Microsoft Office Tutorials and References
In Depth Information
Concerning Yourself with the End User
h Hide the formulas in specific cells: You can hide the formulas in specific cells (by using
the Protection tab in the Format Cells dialog box) so that others can’t see them. Again,
hiding takes effect only when the document is protected by choosing the
Review Changes Protect Sheet command.
h Protect an entire workbook: You can protect an entire workbook — the structure of the
workbook, the window position and size, or both. Use the Review Changes Protect
Workbook command for this purpose.
h Lock objects on the worksheet: Use the Properties tab in the Size and Properties dialog
box to lock objects (such as shapes) and prevent them from being moved or changed. To
access the Size and Properties dialog box, select the object and then click the dialog box
launcher in the Drawing Tools Format Size group. (This context tab appears only when
an object is selected.) Locking objects takes effect only when the document is protected
via the Review Changes Protect Sheet command. By default, all objects are locked.
h Hide rows, columns, sheets, and documents: You can hide rows, columns, sheets, and
entire workbooks. Doing so helps prevent the worksheet from looking cluttered and also
provides some modest protection against prying eyes.
h Designate an Excel workbook as read-only recommended: You can designate an Excel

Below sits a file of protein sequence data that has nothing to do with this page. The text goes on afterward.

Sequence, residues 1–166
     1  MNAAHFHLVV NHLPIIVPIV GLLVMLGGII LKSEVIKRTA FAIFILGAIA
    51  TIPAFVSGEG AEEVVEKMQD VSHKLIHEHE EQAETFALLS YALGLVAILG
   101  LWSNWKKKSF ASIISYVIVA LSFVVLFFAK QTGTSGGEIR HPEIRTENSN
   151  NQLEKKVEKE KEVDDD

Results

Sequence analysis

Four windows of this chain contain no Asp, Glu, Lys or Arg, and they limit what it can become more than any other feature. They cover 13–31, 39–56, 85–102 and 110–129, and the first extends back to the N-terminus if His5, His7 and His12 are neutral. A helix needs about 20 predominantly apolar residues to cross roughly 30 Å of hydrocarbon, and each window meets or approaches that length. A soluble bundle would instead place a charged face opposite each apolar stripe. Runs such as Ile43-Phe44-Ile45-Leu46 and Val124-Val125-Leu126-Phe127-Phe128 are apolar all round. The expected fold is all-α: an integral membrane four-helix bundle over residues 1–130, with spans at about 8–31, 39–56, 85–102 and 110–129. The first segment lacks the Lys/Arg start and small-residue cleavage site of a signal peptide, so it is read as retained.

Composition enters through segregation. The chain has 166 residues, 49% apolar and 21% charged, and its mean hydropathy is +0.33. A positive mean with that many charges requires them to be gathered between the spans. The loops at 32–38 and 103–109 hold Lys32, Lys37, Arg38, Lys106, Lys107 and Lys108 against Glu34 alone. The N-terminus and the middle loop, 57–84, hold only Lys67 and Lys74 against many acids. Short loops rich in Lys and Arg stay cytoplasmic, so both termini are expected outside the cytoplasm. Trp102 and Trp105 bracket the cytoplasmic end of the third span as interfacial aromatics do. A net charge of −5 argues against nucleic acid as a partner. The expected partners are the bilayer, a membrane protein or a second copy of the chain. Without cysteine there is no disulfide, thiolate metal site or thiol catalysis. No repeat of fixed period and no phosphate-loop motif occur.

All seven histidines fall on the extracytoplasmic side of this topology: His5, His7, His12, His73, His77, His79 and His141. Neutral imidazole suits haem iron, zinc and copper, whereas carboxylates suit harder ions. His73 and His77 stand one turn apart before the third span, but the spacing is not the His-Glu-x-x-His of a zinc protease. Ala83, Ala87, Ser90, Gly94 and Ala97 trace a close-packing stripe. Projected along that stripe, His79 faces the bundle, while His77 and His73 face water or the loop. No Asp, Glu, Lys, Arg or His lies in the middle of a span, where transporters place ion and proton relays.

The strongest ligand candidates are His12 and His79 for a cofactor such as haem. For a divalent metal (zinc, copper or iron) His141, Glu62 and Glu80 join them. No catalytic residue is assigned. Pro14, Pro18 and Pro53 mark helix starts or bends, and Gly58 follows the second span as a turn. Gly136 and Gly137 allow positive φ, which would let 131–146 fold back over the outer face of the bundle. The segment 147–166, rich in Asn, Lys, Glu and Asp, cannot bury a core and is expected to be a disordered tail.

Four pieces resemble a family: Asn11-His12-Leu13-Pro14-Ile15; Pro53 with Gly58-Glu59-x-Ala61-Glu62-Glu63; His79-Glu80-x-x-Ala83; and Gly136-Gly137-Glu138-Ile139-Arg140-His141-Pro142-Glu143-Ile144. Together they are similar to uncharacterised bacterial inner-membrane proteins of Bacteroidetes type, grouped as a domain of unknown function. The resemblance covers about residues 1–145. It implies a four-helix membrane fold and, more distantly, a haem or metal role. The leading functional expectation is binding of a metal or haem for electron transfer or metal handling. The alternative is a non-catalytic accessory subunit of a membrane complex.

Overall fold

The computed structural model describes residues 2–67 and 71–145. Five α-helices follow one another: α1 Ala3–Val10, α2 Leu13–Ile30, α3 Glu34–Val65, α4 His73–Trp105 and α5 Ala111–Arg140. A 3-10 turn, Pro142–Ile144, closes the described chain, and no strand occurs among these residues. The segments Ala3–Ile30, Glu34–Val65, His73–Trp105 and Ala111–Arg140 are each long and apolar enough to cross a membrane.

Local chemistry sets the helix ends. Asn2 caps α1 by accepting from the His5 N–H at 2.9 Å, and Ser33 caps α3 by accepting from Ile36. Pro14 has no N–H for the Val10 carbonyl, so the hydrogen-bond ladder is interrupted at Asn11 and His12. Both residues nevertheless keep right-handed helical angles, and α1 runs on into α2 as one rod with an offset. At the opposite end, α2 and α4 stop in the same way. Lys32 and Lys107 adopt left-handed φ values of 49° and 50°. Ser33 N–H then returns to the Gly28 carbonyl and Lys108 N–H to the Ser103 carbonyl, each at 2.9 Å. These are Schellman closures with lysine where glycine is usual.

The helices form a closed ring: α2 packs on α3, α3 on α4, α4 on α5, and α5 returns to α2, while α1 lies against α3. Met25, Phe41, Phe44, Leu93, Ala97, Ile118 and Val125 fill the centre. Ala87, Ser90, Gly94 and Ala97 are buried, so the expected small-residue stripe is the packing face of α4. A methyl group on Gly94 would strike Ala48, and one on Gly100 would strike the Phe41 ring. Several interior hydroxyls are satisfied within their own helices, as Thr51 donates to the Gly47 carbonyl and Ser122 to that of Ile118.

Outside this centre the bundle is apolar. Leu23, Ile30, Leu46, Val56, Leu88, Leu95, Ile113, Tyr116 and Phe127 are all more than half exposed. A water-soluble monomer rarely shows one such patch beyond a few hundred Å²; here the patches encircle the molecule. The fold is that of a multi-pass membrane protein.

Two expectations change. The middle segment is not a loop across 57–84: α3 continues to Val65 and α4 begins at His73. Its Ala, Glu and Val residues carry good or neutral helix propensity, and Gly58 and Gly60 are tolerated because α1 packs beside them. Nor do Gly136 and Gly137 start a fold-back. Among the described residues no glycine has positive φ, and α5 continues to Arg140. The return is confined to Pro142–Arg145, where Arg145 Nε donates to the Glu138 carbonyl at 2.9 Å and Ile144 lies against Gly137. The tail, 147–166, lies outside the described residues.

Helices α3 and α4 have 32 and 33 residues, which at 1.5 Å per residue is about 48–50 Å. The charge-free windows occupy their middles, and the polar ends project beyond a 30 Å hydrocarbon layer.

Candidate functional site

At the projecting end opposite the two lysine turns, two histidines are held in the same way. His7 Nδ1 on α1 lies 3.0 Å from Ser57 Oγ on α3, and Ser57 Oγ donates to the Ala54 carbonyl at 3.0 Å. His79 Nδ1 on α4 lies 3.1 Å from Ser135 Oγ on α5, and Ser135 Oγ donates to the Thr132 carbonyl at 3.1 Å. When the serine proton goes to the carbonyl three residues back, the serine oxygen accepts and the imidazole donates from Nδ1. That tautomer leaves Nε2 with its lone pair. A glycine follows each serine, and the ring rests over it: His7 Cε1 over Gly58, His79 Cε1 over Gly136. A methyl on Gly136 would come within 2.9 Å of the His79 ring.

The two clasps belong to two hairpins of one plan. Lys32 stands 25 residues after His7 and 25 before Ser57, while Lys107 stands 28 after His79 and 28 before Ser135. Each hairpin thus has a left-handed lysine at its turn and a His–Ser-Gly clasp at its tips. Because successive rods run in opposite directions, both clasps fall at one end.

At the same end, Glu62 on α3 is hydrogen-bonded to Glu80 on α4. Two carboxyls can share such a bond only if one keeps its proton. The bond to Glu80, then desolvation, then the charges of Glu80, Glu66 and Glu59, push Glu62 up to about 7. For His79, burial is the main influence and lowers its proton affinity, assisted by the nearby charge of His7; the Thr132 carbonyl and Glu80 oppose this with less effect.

workbook as read-only recommended (and use a password) to ensure that the file can’t
be overwritten with any changes. You do this designation in the General Options dialog
box. Display this dialog box by choosing File Save As. In the Save As dialog box, click
the Tools button and choose General Options.
h Assign a password: You can assign a password to prevent unauthorized users from
opening your file. Choose File Info Protect Workbook Encrypt With Password.
h Use a password-protected add-in: You can use a password-protected add-in, which
doesn’t allow the user to change anything on its worksheets.
How secure are Excel’s passwords?
As far as I know, Microsoft has never advertised Excel as a secure program. And for good
reason: Circumventing Excel’s password system is actually quite easy to do. Several commercial
programs are available that can break passwords. Excel 2002 and later versions seem to have
stronger security than previous versions, but a determined user can still crack them. Bottom
line? Don’t think of password protection as foolproof. Sure, it will be effective for the casual user.
But if someone really wants to break your password, he can probably do so.
 
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